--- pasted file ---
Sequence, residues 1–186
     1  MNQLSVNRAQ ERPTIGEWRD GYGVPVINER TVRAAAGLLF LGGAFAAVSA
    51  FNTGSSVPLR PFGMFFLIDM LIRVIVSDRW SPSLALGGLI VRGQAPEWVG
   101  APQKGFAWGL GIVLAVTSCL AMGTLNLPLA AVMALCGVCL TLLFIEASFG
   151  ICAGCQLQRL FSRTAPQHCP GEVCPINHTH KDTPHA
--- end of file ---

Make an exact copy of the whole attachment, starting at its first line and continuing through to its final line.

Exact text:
Sequence, residues 1–186
     1  MNQLSVNRAQ ERPTIGEWRD GYGVPVINER TVRAAAGLLF LGGAFAAVSA
    51  FNTGSSVPLR PFGMFFLIDM LIRVIVSDRW SPSLALGGLI VRGQAPEWVG
   101  APQKGFAWGL GIVLAVTSCL AMGTLNLPLA AVMALCGVCL TLLFIEASFG
   151  ICAGCQLQRL FSRTAPQHCP GEVCPINHTH KDTPHA